As the game went on, the crowd thinned out (especially after the first 90 minutes). That’s going to happen given that it was nearing midnight on a work/school night, and with the temperature dropping in a dreadfully poor game.

    Despite all of this, I personally had a great time, and was one of the last out of the building. Watching two teams I don’t really care about is far less stressful (and thus, sometimes more fun) than watching TFC slog it away night after night.

  6. BCC says:

    I don’t know if there was a protest or not, but there were many, many empty seats in the stadium. In one sense, it was an embarrassment for the league. On the other hand, it was a fascinating game, well worth watching.

  7. Eric says:

    There may not have been a protest and it may have been a school/work night but it still looks really bad when the stadium is almost completely empty looking television because the Toronto fans left before the game even got into overtime.

    I don’t know if there was an organized protest or not. I do know that they said there would be no boycott and that appears to be true, but it certainly looks like they could have been sending a message by leaving early if they wanted.

  8. io says:

    i think people here and elsewhere are confusing a protest with a justified lack of interest.

    to add on top of that the “meaning” of the regular season is under question now that 10 playoff teams will happen.

    MLS needs purpose and meaning and this game did not feel like it to many.

  9. bob says:

    MLS Cup in Toronto was a failure. way too many empty seats.

  10. Hopper says:

    It definitely did not have the atmosphere of a final, or really, any atmosphere at all. Huge fail by MLS deciding to have the game in Toronto. Not only was the game itself ugly, but there were so many empty seats that you could hear the players on the field.

    Not the showcase event MLS was hoping for. A big step back IMHO.

  11. bob says:

    They took back the raising the ticket prices.

  12. doug says:

    i was at the game yesterday …. the stadium seemed pretty full at the kick-off. by the 100th minute the crowd was thinning but that was b/c ppl were moving around and in the concourse areas – or had to leave. it was about 11pm on a sunday night at that time.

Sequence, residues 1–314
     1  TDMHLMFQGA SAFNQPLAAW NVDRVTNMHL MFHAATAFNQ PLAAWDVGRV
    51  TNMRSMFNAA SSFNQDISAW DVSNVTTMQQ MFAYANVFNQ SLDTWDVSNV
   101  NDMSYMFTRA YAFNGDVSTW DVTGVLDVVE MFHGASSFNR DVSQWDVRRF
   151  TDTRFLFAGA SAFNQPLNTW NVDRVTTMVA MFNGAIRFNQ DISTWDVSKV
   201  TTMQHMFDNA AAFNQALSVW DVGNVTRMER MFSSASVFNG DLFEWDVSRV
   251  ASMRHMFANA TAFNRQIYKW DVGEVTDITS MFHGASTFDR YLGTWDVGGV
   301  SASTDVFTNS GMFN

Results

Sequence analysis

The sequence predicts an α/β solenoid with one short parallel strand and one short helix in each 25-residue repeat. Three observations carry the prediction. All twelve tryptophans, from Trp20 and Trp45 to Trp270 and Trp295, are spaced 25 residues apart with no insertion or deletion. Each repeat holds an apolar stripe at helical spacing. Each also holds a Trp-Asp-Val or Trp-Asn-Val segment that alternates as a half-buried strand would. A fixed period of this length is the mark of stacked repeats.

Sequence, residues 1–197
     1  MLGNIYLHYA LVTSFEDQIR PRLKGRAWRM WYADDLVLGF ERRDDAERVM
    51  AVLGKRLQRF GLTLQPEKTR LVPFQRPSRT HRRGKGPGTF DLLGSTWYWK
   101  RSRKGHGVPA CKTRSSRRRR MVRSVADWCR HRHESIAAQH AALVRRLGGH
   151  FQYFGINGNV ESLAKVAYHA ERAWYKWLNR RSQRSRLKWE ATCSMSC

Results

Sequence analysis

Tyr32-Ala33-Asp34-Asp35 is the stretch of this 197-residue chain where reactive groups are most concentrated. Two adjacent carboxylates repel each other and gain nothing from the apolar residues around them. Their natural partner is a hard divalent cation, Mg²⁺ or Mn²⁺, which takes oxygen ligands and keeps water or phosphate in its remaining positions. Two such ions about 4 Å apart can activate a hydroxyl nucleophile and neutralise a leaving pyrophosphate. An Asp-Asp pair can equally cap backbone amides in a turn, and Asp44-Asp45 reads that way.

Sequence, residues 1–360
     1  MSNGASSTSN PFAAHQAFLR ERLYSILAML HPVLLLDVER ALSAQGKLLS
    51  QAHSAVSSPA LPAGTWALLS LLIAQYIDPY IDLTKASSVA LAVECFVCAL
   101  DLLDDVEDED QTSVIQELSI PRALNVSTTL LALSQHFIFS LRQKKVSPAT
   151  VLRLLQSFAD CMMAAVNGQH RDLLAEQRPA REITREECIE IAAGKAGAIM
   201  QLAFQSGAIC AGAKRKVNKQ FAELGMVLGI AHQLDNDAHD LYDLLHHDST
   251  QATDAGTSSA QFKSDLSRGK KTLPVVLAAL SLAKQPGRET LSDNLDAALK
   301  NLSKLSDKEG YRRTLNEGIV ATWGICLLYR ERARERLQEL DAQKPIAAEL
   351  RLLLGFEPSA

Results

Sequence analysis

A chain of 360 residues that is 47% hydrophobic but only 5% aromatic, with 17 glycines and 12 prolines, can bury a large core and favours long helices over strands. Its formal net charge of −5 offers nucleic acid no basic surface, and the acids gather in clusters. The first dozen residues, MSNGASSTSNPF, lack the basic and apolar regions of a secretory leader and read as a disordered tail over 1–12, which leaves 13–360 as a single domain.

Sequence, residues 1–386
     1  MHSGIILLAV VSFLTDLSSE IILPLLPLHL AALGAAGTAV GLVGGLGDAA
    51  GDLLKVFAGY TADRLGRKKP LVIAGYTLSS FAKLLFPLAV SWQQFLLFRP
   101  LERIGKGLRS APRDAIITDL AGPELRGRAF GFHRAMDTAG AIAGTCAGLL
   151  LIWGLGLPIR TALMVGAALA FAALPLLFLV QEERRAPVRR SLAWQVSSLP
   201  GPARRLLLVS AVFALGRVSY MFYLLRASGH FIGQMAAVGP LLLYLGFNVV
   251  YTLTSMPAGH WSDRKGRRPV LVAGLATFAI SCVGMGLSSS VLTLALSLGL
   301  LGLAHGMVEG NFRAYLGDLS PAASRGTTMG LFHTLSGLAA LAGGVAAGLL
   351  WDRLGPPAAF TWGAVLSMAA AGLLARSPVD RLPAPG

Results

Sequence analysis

there is a big problem in toronto that probably 30% of the fans take a commuter train in and out of the area and it only comes once an hour. late on a sunday night – ppl had to catch their train and coulnd’t stay. kids have to go to school etc ….

    the owners of the team are also killing the fans with ticket prices. An average ticket price of $120 to watch an MLS final is a lot. but i don’t think there was an organized walk-out for this game.

    i thought for the most part the toronto fans were very good. there was no eastern conference team in there that TFC fans could root against – that is the MLS’s fault – colorado representing the east is ridiculous. if columbus had been in the final i think a lot of toronto fans would have been cheering for dallas. instead, the crowd mostly rooted for marvell wynne and conner casey – two ex-toronto players. and cheered against cunningham who couldn’t hit an empty net in his 25 games in red.

    casey kind of plays like a hockey player which canadians can relate to as well – haha.

  13. bob says:

    Toronto as a MLS Cup final was a failure, too many empty seats

  14. elduderino says:

    I’m more concerned about the national TV rating and how much media coverage FCD and Colorado are getting back home than how many TFC fans stayed for the whole game.

  15. Heathen says:

    I went to the game, stayed till the end and got home at 1:00am and I was driving. If I’d taken public transit as I originally intended it would’ve been an hour later. I don’t blame anyone who has to work or has kids from leaving early from a 9:00pm kick off on a Sunday night, especially considering how poor the game was.